Secondly, banks are using technology to drive earnings through improved service. Most clients do not want to come into the banking hall, but conclude their transactions from the comfort of their homes on their mobile devices among others. The ability of a bank therefore to provide an array of technology driven self-service options therefore increase its earning capacity as fees are charged for these services. This would also translate to more clients opening account with your bank, solving liquidity problems, as these account will be funded while earning fees on transactions executed.

Why has it been difficult for banks to lend to the real sector? Are risk mangers not prepared?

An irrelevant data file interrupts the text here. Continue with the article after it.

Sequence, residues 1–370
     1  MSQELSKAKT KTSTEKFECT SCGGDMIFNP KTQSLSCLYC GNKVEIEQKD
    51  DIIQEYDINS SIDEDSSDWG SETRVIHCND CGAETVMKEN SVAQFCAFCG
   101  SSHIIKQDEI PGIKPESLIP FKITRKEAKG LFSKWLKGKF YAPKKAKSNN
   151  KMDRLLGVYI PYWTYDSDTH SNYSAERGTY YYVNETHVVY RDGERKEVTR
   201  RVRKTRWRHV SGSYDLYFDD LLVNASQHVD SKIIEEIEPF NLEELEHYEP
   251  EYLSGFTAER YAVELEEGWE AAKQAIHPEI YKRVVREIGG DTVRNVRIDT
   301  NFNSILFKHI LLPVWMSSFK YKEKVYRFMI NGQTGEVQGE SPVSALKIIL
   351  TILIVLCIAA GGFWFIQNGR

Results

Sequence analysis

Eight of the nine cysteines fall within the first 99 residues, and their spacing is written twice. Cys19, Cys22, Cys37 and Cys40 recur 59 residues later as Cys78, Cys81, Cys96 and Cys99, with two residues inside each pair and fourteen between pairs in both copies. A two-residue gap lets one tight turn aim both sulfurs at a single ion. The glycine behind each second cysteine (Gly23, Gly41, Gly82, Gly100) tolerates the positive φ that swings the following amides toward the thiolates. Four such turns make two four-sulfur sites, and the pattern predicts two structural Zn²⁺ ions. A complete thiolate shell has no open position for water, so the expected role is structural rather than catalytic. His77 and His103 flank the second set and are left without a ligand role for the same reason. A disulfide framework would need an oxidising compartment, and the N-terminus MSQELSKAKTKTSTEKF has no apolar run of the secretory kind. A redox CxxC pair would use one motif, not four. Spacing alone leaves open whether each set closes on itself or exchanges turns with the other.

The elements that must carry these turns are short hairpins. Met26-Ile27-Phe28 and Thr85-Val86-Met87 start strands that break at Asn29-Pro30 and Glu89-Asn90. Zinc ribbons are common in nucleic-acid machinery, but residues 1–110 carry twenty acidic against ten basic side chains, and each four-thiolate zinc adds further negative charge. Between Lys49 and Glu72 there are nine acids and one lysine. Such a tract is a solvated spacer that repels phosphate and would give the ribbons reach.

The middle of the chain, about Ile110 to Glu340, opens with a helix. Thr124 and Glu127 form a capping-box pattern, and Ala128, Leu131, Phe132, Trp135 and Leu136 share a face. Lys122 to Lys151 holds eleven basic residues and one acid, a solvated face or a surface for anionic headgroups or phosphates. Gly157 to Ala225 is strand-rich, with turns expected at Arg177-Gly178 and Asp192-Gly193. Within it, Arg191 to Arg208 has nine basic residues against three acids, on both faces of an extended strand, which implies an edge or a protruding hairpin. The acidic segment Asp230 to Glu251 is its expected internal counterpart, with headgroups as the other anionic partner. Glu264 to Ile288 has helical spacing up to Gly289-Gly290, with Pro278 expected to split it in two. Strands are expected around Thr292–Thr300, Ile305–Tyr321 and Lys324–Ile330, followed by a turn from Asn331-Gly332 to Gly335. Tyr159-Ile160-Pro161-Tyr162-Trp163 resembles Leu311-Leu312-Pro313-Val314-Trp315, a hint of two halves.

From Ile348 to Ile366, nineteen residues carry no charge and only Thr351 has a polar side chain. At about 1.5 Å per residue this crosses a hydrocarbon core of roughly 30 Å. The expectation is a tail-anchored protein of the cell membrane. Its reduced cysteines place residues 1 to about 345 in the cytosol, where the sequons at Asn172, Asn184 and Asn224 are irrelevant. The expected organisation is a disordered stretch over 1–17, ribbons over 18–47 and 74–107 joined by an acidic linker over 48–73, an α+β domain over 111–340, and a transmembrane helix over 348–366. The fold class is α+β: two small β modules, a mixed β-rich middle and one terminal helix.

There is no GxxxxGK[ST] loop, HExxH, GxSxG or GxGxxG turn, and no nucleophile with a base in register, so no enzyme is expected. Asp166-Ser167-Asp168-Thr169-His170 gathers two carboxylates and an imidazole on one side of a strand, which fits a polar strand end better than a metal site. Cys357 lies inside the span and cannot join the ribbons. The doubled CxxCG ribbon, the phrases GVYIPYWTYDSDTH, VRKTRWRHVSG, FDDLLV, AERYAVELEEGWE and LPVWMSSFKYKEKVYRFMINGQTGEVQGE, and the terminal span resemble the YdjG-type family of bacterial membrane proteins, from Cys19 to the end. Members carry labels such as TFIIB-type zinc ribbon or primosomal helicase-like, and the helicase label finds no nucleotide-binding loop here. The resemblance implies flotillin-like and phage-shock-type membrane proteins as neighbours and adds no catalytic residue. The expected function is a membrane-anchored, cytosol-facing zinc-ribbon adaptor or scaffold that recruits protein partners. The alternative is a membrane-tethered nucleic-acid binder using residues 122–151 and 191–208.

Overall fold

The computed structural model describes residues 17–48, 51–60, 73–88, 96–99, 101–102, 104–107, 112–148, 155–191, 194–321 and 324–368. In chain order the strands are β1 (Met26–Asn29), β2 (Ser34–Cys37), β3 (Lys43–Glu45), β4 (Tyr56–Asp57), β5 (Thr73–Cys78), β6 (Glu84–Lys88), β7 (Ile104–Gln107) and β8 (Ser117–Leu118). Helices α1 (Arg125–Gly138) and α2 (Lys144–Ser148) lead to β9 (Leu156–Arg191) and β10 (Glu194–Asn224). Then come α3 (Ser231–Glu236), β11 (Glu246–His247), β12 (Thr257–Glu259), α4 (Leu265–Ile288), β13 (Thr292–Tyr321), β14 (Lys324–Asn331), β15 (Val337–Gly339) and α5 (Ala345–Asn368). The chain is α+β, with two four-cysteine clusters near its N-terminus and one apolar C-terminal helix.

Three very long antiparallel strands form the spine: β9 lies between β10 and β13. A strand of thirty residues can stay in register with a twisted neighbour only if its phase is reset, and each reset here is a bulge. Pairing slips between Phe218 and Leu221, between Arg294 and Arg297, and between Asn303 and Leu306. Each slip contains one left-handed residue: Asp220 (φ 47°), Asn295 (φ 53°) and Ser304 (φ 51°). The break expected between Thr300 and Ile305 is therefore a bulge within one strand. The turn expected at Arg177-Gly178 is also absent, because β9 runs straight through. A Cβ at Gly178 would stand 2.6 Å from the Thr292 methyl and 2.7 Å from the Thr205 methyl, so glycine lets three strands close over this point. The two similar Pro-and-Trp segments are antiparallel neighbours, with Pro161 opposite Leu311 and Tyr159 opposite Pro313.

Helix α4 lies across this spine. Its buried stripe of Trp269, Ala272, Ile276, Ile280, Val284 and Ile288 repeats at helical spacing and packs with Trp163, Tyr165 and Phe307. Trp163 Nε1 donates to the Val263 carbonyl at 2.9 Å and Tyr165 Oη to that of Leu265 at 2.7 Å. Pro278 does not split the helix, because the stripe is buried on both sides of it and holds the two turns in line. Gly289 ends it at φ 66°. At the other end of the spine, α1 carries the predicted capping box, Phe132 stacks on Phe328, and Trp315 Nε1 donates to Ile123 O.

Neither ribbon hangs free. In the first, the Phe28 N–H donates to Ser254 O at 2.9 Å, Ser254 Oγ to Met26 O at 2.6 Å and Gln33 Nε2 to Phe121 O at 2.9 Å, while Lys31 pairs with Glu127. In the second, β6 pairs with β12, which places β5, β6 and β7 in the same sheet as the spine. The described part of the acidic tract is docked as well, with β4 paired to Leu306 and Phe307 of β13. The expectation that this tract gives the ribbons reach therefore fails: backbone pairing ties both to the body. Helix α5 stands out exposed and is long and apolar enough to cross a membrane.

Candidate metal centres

The economy of a nation comprises four interrelated se tors operating to ensure that resources are best utilised in the production of goods and services to maximise the welfare of its citizenry. The sectors are: the financial, fiscal/government, external and real. While all four sectors have important roles in the welfare of the citizenry, the role of the real sector is particularly significant and strategic. It is the sector responsible for the production and distribution of goods and services necessary to meet the consumption demand of an economy. The Real Sector constitutes more than 50 per cent of the country’s GDP.